AML can also evolve from myelodysplasia (MDS). Thus, the common chromosome abnormalities associated with MDS can also be identified in AML, which include: inv(3), -5/5q-, -7/7q-, and 17p. Overall, the recurrent chromosome abnormalities identified in patients with AML are observed in approximately 60% of diagnostic AML cases.

 

Conventional chromosome analysis is the gold standard for identification of the common, recurrent chromosome abnormalities in AML. However, some of the subtle rearrangements can be missed by karyotype, including inv(16) and MLL rearrangements.

 

Fluorescence in situ hybridization (FISH) analysis of nonproliferating (interphase) cells can be used to detect the common chromosome abnormalities observed in patients with AML. The abnormalities have diagnostic and prognostic relevance, and FISH testing can also be used to track response to therapy.

 

Metaphase FISH confirmation of classic translocations that are cryptic and not visually detectable by chromosome analysis (ie, t[12;21] associated with ETV6/RUNX1 fusion) is performed as required by Children's Oncology Group (COG) and is included as part of the electronic case submission by the Mayo Clinic Genomics Laboratory to COG for central review.

 

Additional cytogenetic techniques such as chromosomal microarray (CMAH / Chromosomal Microarray, Hematologic Disorders, Varies) may be helpful to resolve questions related to ploidy (hyperdiploid clone vs doubled hypodiploid clone) or to resolve certain clonal structural rearrangements such as the presence or absence of intrachromosomal amplification of chromosome 21 (iAMP21).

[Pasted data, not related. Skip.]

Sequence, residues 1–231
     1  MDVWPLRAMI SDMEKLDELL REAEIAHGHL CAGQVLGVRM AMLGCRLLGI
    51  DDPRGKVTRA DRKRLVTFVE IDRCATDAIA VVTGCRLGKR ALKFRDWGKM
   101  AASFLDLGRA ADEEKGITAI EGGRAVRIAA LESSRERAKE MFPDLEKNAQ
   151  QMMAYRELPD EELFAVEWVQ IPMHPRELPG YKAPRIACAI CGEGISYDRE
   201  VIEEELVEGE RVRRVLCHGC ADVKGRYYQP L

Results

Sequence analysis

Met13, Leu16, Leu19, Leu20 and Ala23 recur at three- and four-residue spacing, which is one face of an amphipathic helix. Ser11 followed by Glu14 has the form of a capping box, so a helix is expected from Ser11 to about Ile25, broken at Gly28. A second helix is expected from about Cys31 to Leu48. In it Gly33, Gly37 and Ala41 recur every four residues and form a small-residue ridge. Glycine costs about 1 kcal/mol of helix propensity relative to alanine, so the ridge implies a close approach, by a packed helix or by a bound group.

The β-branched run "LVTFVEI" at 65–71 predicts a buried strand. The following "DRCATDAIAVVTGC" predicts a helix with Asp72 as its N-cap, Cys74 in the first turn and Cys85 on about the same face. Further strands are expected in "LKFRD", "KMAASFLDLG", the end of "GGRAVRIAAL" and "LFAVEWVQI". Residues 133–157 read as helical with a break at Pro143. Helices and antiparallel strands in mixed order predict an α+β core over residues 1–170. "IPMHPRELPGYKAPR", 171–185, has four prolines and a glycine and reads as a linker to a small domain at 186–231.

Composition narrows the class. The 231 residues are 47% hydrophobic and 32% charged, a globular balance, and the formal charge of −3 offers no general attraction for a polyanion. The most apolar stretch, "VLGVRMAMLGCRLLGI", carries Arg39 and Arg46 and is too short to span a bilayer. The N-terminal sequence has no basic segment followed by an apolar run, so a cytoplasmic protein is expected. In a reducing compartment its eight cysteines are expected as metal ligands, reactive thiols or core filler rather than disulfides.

Reference Values Describes reference intervals and additional information for interpretation of test results. May include intervals based on age and sex when appropriate. Intervals are Mayo-derived, unless otherwise designated. If an interpretive report is provided, the reference value field will state this.

An interpretive report will be provided.

Interpretation Provides information to assist in interpretation of the test results

A neoplastic clone is detected when the percent of cells with an abnormality exceeds the normal reference range for any given probe.

 

Detection of an abnormal clone likely indicates a diagnosis of an acute myeloid leukemia of various subtypes.

 

The absence of an abnormal clone does not rule out the presence of a neoplastic disorder.

Cautions Discusses conditions that may cause diagnostic confusion, including improper specimen collection and handling, inappropriate test selection, and interfering substances

This test is not approved by the US Food and Drug Administration and it is best used as an adjunct to existing clinical and pathologic information.

 

Bone marrow is the preferred specimen type for this fluorescence in situ hybridization test. If bone marrow is not available, a blood specimen may be used if there are malignant cells in the blood specimen (as verified by a hematopathologist).

Supportive Data

Each probe was independently tested and verified on unstimulated peripheral blood and bone marrow specimens. Normal cutoffs were calculated based on the results of 25 normal specimens. For each probe set a series of chromosomally abnormal specimens were evaluated to confirm each probe set detected the abnormality it was designed to detect.

Clinical Reference Recommendations for in-depth reading of a clinical nature

1. Grimwade D, Hills RK, Moorman AV, et al: Refinement of cytogenetics classification in acute myeloid leukemia: determination of prognostic significance or rare recurring chromosomal abnormalities among 5879 younger adult patients treated in the United Kingdom Research Council trials. Blood. 2010 Jul;116(3):354-365

2. Swerdlow SH, Campo E, Harris NL, et al. eds: International Agency for Research on Cancer (IARC): World Health Organization (WHO) classification of tumours of haematopoietic and lymphoid tissues. IARC Press, Oxford University Press; 2017

3. Manola KN: Cytogenetics of pediatric acute myeloid leukemia. Eur J Haematol. 2009;83(5):391-405

Special Instructions Library of PDFs including pertinent information and forms related to the test